You can view Peter’s original, which I now realise diverges rather a lot from my attempt to reproduce it, here.

I’ll close this section by quoting a statistic from the plenary sessions of the seminar: “Data Scientists are only 10-20% productive; if you start a week-long piece of work on Monday, the actual statistical analysis will commence on Friday afternoon; the rest of the time is battling with the data” [6].

CDOs should be focussed on increasing the productivity of all staff (Data Scientists included) by attending to necessary foundational work in the various areas highlighted in the exhibit above.
 
 
Theme 5 – The CDO is in the business of driving cultural change, not delivering shiny toys

When there's something weird on your board of dash / When there's something weird and it's kinda crass / Who you gonna call?

While all delegates agreed that a CDO needs to deliver business value, a distinction was made between style and substance. As an example, Big Data is a technology – an exciting one which allows us to do things we have not done before, but still a technology. It needs to be supported and rounded out by attention to process and people. The CDO should be concerned about all three of these dimensions (see also Theme 4 above).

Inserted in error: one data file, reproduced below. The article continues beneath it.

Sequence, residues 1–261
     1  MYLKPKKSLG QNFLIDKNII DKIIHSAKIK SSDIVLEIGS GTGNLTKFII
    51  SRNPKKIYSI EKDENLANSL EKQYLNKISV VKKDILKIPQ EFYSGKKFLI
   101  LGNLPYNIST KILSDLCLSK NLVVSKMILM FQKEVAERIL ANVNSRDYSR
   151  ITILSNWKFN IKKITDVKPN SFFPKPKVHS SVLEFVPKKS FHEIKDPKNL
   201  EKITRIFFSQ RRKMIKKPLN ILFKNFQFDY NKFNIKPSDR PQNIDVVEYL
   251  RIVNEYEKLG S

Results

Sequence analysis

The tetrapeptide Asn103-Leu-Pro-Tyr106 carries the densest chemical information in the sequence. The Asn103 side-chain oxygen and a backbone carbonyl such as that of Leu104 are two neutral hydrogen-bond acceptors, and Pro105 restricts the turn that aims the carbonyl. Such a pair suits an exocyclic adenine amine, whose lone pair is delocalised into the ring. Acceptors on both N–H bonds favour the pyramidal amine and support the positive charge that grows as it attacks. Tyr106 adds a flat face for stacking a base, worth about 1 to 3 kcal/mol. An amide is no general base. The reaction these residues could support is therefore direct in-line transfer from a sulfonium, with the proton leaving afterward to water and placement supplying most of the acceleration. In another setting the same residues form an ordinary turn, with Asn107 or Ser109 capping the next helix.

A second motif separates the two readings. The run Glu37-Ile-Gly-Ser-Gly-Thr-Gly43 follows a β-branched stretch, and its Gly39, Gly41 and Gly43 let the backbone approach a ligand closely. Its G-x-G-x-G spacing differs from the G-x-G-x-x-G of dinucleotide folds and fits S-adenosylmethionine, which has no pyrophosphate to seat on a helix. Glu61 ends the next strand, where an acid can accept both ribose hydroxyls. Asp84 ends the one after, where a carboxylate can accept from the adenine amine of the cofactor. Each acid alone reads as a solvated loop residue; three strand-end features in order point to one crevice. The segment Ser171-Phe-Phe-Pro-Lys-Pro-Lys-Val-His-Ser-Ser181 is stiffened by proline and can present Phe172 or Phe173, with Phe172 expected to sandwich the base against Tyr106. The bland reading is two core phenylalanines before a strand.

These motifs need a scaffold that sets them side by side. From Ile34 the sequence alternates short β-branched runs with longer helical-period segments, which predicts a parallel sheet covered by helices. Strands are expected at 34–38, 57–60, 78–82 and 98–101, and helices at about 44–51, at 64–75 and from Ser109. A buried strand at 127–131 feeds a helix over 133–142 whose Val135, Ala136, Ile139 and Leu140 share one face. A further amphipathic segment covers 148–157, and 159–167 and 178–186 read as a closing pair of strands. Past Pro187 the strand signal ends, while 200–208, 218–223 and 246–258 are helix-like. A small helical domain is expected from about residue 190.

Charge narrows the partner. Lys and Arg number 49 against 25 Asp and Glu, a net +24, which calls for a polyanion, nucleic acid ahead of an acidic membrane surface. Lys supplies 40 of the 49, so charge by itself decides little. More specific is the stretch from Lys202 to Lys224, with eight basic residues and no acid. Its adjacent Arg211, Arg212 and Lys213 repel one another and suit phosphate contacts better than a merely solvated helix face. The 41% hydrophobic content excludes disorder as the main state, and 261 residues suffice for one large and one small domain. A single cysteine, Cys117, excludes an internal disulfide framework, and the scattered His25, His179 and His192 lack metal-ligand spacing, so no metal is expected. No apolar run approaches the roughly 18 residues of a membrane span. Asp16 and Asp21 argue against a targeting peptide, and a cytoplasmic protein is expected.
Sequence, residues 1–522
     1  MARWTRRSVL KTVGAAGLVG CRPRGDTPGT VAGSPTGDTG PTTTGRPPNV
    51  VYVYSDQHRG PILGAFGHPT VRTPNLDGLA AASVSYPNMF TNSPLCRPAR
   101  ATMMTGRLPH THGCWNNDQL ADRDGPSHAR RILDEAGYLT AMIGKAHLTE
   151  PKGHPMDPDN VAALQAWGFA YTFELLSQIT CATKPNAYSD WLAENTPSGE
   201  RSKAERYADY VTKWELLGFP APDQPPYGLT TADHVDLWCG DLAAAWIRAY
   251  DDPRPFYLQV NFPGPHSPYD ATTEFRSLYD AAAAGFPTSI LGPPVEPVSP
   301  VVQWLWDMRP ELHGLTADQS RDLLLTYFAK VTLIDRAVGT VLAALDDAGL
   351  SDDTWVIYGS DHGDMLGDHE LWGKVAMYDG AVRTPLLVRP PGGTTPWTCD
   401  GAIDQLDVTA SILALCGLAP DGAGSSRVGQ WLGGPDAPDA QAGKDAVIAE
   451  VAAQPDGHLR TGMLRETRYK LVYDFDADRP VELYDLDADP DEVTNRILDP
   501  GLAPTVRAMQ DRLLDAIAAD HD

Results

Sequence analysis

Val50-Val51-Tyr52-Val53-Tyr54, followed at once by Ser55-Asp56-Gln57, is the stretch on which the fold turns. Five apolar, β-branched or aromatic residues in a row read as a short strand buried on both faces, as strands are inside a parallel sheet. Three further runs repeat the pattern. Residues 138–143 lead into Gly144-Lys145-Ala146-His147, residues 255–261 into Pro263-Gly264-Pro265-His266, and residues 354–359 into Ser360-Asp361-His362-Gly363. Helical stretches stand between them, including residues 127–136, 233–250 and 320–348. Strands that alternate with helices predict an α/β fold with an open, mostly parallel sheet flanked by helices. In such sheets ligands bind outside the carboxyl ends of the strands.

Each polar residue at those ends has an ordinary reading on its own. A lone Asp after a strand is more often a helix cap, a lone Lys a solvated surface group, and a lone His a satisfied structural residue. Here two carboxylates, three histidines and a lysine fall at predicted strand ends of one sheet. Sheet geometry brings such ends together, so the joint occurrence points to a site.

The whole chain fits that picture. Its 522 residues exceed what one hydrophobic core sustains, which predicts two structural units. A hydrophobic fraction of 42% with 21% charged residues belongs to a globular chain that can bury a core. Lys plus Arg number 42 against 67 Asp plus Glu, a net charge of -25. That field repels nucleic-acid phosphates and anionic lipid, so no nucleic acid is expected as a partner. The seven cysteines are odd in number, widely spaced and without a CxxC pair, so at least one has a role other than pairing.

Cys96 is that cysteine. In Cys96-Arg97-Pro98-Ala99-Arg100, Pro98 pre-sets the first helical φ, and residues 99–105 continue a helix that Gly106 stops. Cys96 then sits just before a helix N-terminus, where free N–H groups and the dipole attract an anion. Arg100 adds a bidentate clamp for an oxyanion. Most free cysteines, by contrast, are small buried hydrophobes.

I mentioned at the beginning of this article that some of the attendees at the CDO forum hailed from the extractive industries. We had some excellent discussions about how safety has been embedded in the culture of such organisations. But we also spoke about just how long this has taken and how much effort was required to bring about the shift in mindset. As always, changing human behaviour is not a simple or quick thing. If one goal of a CDO is to embed reliance on credible information (including robust statistical models) into an organisation’s DNA, then early progress is not to be anticipated; instead the CDO should be dug in for the long-term and have vast reserves of perseverance.

As regular readers will be unsurprised to learn, I’m delighted with this perspective. Indeed tranches of this blog are devoted precisely to the important area [7]. I am also somewhat allergic to a focus on fripperies at the expense of substance, something I discussed most directly in “All that glisters is not gold” – some thoughts on dashboards. These perspectives seem to be well-aligned with the stances being adopted by many CDOs.